This fox varies in size, ranging from the size of a large house cat to the size of a small dog. Red foxes can come in a variety of colors, such as silver, black, tawny, orange, platinum and a countless others.  Regardless of their fur color, red foxes will always have a white tip on their tail, called a flag.  Fur variations are often the result of genetic mutations and sometimes purposeful cross breeding, and we’ll explore this further in Vulpinology Part 7.

Red foxes are monogamous and both parents will raise their litter of kits. They teach them a variety of skills before the young are old enough to go out on their own.  Litter sizes range from two to twelve kits.  Red foxes are typically nocturnal animals, hunting from dusk to dawn but, like many other species of fox, they will become active during the day when they have a litter of kits to feed.

These foxes have a variety of vocalizations and sounds, as I’m sure many of you have guessed since the emergence of the song, “What Does the Fox Say?” These range from trill barks, screams, chirps, whines and gekkering.  They all have specific meanings, ranging from greetings, danger alarms, mating calls, to aggressive “back offs” during courting season and territory protection.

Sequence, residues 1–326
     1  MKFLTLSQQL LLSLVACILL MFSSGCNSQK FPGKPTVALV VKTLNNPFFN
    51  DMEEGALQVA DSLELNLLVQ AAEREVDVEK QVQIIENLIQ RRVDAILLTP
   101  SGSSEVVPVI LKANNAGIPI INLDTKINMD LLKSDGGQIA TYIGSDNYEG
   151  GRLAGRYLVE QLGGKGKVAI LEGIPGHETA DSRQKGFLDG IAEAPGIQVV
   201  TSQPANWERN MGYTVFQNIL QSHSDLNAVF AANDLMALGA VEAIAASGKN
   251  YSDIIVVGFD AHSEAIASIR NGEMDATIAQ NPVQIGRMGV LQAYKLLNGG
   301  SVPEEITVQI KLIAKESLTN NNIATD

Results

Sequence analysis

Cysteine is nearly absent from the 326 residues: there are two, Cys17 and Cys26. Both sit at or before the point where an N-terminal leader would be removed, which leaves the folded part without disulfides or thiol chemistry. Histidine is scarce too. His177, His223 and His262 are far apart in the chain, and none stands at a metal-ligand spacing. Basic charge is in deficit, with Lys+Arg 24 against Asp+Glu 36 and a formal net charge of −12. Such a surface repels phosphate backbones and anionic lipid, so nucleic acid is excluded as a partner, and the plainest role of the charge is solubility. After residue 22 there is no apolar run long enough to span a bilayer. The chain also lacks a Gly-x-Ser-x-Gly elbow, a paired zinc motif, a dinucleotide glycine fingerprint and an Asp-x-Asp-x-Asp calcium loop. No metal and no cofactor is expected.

Like all foxes, the red fox is an omnivore, eating a variety of plants and animals. Mice, rabbits, voles, snakes, shrews, fish, insects, birds, squirrels, waterfowl, berries, small larvae-filled beehives, roots and nuts make up its diet.  The fox is a keen hunter, making excellent use of its senses, especially when its prey is lurking under thick snow in the winter.  Its signature hunting move is a leaping pounce, sometimes referred to as a mousing pounce, landing head first into the snow.  Recent studies suggest that, especially in the winter, the red fox taps into the Earth’s magnetic field, using it as a targeting system, by which the fox waits for the sounds of its prey to reach the same point where it feels the tilt in the axis of the magnetic field, and then leaps in a northeasterly direction.  While this is still being studied, it’s currently the strongest theory as to why foes pounce in this one particular direction with nearly a 73% success rate in catching prey versus their success rate when pouncing from any other direction (read more on this exciting theory here!)  The more studying that’s being done on this theory, the sooner we hope to have an easier way to explain how this might work.

Needless to say, red foxes are fascinating. Stay tuned for more fox facts on our next episode of Vulpinology 101.

Stay wild!